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The Daily Need

New bill would allow unemployment pay for entrepreneurs

Alexis Peterka (right) is a participant in Oregon's Self Employment Assistance Program. It allows her to collect unemployment benefits for six months while she works full-time on her own start-up company, Stayhound, a service that helps locate pet care providers.

Last week Need to Know reported on a small program in Oregon that allows unemployed workers to start their own businesses while receiving unemployment insurance, instead of looking for a new job. The Self-Employment Assistance Program, which has been in existence since 1993, has been very successful in Oregon – an estimated 77 percent of businesses started under the program are still running. But the program, which also operates in six other states in addition to Oregon, is very small in scope.

The law caps the number of participants at 5 percent of a state’s total unemployment beneficiaries, and in 2009, there were fewer than 2,500 SEA participants nationwide. In addition, SEA participants have to be identified as likely to exhaust their benefits and engaged full time in entrepreneurial activity while receiving benefits.

But some lawmakers think expanding SEA could be part of a solution to the nation’s unemployment crisis. Today, Sen. Ron Wyden (D-OR), Sen. Tom Carper (D-DE), and Sen. Bob Casey (D-PA) introduced the Startup Technical Assistance for Reemployment Training and Unemployment Prevention (STARTUP) Act (pdf) to expand self-employment assistance programs.

The bill would allow the long-term unemployed to take advantage of the program. Currently, SEA participants are not eligible to use the program during extended or emergency unemployment periods, which have been extended to 99 weeks in many states. Instead, SEA is only available for the first 26 weeks of unemployment. The STARTUP Act would allow an unemployment beneficiary to use 26 weeks of funds for self-employment assistance at any point during their eligibility. The bill would also incentivize every state to offer the program, providing technical assistance from the Labor Department and authorizing $35 million in state grants over the next three years to establish, implement, improve, and administer the programs.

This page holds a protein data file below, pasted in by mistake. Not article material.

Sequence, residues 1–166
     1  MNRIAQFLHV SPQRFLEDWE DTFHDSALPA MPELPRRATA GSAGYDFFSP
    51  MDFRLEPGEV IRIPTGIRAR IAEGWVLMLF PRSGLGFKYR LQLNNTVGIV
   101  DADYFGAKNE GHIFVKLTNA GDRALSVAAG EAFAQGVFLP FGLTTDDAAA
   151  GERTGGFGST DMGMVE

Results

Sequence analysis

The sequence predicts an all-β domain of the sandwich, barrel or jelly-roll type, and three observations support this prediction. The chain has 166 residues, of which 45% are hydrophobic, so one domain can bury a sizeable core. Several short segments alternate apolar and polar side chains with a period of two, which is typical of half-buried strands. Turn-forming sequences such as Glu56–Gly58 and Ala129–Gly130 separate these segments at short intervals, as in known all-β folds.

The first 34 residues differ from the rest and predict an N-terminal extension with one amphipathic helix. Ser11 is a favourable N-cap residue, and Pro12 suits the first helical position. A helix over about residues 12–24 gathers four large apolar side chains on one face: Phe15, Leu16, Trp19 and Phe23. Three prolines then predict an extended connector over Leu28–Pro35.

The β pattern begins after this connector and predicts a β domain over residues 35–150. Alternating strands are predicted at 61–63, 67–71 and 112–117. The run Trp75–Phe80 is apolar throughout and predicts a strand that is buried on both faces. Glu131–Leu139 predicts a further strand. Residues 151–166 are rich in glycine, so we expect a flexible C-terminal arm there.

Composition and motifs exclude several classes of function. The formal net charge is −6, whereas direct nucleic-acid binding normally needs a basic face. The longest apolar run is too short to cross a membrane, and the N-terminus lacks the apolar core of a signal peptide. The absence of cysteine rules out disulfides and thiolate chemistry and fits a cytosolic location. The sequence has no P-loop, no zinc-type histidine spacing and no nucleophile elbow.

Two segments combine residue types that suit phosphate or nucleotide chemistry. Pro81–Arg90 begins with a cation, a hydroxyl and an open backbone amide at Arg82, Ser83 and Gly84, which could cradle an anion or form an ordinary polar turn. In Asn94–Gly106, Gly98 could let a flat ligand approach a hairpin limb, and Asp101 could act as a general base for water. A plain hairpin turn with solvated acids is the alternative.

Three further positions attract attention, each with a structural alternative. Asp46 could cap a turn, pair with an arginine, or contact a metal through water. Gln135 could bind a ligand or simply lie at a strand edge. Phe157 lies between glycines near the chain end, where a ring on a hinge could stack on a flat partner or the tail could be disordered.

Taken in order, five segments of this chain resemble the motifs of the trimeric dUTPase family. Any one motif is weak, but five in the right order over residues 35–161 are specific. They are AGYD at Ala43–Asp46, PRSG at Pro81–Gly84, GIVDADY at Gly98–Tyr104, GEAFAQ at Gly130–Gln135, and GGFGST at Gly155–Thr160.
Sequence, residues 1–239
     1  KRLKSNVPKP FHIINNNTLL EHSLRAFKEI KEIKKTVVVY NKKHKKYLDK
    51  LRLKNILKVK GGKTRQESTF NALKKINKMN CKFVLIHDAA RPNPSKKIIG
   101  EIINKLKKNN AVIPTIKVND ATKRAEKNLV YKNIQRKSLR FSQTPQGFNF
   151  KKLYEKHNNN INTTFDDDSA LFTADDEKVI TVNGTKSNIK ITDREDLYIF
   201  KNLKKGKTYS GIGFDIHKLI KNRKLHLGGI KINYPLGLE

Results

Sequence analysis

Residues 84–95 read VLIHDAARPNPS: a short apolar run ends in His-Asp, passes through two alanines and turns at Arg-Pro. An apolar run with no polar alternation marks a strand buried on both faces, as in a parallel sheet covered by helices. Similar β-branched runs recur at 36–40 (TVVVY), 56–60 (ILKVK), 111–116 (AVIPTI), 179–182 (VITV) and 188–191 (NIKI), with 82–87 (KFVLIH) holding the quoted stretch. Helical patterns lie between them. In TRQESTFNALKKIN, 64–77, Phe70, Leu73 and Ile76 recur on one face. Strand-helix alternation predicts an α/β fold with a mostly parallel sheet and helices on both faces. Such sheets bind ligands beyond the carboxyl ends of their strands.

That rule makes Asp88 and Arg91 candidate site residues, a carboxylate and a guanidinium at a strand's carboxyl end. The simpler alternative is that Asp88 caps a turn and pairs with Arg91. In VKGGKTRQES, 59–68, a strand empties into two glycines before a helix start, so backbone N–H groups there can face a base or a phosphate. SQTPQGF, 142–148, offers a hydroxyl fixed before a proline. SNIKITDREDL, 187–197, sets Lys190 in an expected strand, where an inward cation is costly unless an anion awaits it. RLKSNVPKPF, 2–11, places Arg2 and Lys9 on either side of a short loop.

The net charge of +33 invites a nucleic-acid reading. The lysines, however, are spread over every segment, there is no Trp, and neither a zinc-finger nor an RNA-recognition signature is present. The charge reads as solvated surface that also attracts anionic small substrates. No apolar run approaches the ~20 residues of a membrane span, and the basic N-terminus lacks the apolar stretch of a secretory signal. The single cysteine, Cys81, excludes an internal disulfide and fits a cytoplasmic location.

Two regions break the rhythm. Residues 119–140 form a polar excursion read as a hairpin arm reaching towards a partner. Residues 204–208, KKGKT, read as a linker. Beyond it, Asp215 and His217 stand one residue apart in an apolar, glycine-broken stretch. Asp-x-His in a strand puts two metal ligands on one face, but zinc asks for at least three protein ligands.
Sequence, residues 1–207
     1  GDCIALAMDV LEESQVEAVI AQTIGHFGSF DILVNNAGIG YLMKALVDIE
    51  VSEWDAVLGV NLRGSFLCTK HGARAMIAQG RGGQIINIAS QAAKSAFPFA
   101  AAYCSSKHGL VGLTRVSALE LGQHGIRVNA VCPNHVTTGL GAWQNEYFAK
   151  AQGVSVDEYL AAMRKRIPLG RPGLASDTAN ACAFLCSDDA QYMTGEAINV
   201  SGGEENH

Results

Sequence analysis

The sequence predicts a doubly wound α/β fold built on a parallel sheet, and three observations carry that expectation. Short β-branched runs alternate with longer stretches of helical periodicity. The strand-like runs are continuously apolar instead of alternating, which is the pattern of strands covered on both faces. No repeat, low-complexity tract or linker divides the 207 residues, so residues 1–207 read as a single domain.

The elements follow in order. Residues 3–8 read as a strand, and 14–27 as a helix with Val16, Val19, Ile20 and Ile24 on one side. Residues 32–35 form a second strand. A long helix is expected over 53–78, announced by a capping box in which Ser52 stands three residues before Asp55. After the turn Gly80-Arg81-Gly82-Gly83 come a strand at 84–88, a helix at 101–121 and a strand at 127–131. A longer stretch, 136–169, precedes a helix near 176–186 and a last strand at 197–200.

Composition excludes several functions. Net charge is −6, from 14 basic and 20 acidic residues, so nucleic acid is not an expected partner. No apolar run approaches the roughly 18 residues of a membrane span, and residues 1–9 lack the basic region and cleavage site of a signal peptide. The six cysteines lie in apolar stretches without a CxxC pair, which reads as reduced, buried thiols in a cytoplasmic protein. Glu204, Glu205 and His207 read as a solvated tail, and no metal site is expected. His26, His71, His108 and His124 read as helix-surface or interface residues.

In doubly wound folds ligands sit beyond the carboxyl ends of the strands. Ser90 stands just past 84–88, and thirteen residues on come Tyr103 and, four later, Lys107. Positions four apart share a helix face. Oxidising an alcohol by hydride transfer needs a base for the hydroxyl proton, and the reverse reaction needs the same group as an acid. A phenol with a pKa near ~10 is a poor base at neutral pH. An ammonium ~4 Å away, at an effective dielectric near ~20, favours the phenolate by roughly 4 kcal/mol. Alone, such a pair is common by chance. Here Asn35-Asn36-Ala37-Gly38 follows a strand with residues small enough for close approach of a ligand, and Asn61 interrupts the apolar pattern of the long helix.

Sen. Wyden, who was one of the architects of the original SEA legislation as a House Member in the early 1990s, said in a release that “being unemployed isn’t always a bad thing. For some of the nation’s most successful entrepreneurs, losing a job was an opportunity to start something new. But starting a new business takes time and focus which the current unemployment rules don’t provide.”

“By offering more workers access to this underutilized program, this bill will not only ensure that more Americans will find jobs but it will also help generate growth by fostering the next generation of startups that make our communities and economy stronger,” said Sen. Carper, who oversaw Delaware’s participation in the SEA program while governor.

But in a highly partisan Congress, the prospect for passing legislation related to the SEA program may not be easy. President Obama’s American Jobs Act also included language to expand SEA programs, but that bill stalled in the Senate last month. But the extension of emergency unemployment insurance benefits, which will expire at the end of this year if no action is taken by Congress, may be one possible vehicle for passage of this new bill, according to Tom Caiazza, a spokesperson for Sen. Wyden.

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